Hi Piero, I was using a 6mm Ethos giving approx 330x. Seeing was decent, Uranus was at nearly 30° altitude. I drove 10mins to the south coast here in East Cork, so that I wouldn't be looking through a dome of light pollution to the south and east. It was my first time seeing Uranus in my 15" - I saw it only once before in my 10", when seeing was poor - a blurry pale cyan fuzzy star. Last night though, Uranus was definitely and clearly a disk - although featureless. I've set the limiting magnitude for stars to 19.7 on Sky Safari to try to make sure I'm not mistaking background stars for moons. I remain sceptical about seeing Miranda ... although when I looked at positions at the time I started observing, it does apparently match what I saw. Miranda was not something I could hold in averted vision: I kept seeing something, then I checked on the app and it does appear to match the position - I hadn't looked at the app beforehand to try to avoid 'averted imagination' What puzzles me is that I couldn't initially see Umbriel. When I was looking ~2hrs later, I now think I may have been seeing Umbriel, Ariel and Oberon almost in a line. Neptune was a teeny disk, about half the size of Uranus to my eye, and Triton was a pin prick of a dot, held in averted vision. I used an 10mm Ethos (200x) to pan a little and note the relative position and angle of Triton/Neptune and the star HD215597 (going by Sky Safari). Hopefully will get a chance to try again - weather forecast not great though. It's great fun to try to discern these little moons that are something like 3 and 4.5 billion km away .The blue snowball and the cats eye nebs were also just great too last night - teasingly revealing structure Just nice to get out on a peaceful night under the milky way with the curlews calling and the waves lapping on the beach in the dark. Freezing though!!! -Niall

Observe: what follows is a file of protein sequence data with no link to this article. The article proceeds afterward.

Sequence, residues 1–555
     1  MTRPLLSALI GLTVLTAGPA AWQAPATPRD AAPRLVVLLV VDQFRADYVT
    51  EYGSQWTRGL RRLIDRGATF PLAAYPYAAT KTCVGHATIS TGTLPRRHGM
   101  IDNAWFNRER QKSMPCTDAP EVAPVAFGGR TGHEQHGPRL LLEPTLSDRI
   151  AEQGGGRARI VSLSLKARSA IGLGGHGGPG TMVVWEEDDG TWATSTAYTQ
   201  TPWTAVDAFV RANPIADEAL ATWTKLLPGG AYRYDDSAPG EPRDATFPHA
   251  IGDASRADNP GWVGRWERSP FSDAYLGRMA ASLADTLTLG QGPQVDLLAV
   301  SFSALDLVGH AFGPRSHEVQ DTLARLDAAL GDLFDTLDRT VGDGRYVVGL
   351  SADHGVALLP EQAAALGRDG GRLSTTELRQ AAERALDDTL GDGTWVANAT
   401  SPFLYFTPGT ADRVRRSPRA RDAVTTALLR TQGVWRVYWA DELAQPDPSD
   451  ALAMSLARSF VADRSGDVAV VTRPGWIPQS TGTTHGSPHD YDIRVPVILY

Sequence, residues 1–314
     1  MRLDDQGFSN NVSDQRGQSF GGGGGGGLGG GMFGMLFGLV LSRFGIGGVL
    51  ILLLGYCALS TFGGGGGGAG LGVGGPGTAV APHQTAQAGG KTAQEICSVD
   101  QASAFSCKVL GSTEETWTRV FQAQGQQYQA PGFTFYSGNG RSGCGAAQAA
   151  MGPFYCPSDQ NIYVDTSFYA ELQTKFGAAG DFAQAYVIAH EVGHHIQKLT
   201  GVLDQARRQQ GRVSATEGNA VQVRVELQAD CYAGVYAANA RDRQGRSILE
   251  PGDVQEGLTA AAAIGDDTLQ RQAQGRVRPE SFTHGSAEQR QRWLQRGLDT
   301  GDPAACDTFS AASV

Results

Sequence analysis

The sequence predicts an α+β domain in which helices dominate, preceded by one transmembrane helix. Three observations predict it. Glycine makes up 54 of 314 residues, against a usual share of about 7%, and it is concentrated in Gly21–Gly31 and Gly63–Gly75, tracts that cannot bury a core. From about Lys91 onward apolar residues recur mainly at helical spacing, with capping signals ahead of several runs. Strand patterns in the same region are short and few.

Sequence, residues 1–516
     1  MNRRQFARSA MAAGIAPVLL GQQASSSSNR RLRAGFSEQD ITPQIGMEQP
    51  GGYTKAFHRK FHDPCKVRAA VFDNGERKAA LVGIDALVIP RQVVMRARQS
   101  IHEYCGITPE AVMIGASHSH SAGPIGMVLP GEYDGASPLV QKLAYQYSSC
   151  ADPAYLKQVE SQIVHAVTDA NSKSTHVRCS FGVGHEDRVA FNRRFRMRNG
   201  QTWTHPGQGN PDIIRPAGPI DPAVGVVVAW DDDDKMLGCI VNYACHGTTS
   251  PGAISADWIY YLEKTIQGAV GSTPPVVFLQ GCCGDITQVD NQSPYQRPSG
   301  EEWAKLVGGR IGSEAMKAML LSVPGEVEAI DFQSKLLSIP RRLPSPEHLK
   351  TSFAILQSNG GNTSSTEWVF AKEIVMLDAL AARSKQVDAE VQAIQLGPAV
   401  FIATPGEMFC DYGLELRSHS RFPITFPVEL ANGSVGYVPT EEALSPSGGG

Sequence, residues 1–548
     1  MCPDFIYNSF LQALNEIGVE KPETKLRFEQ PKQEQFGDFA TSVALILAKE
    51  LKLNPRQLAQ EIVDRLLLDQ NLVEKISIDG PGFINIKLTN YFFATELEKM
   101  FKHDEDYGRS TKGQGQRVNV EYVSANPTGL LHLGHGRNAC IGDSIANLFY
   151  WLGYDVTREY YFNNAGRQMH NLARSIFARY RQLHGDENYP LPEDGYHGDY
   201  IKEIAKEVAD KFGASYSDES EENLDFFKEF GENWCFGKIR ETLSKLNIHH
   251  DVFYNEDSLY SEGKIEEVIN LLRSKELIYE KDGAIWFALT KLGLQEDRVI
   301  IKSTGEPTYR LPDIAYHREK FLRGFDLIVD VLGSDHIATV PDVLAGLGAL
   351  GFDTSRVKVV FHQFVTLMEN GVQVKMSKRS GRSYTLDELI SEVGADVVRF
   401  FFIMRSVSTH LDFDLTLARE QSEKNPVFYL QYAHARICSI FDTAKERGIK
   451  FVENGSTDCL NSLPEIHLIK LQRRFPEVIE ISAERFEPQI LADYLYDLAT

12. 2 points
    I think you've made a good choice. I prefer not to use a barlow, but that's just my preference, others love them, or a powermate, but they tend to say to buy a decent one and don't compromise. if you do get another eyepiece next, consider how it would Barlow, so don't get a 14mm and a 2x barlow, as it would be the same as your 7. hope you get some clear skies to try it out
  13. 2 points
    Shh... don't let on or everyone will want one ;-) (Happy EQ3-2 user)
  14. 1 point
    Of some interest to fans of bright nebulae, http://www.webbdeepsky.com/publications/free/ Nick.
  15. 1 point
    This is my updated image of M33. I now have 10 1/2 hours of L data, mostly 600s exposures but with around 3 hrs of 300s as well. I haven't added any colour since the last image but will update that later although I'm not really sure it's needed? I made it brighter following advice on here (great as always). Hope you like it, and please, advice/criticsim is always welcomed. I've put the link to Astrobin as well. http://astrob.in/266414/0/
  16. 1 point
    I didn't mean to offend him. It''s just that when he said it's one he made, without giving any more info, it gave the impression (to me at least) that it was home made. Although looking at it, nothing could be further than the truth and is better made than all the skywatchers I own.
  17. 1 point
    One of my top objects M45, Those lovely Blue stars embedded in that nebulosity makes a splendid Image, I never tire of seeing picture of those lovely ladies. The ED80's are such fine telescopes. I think you must have had your Focal reducer in their Dave, is that correct ?
  18. 1 point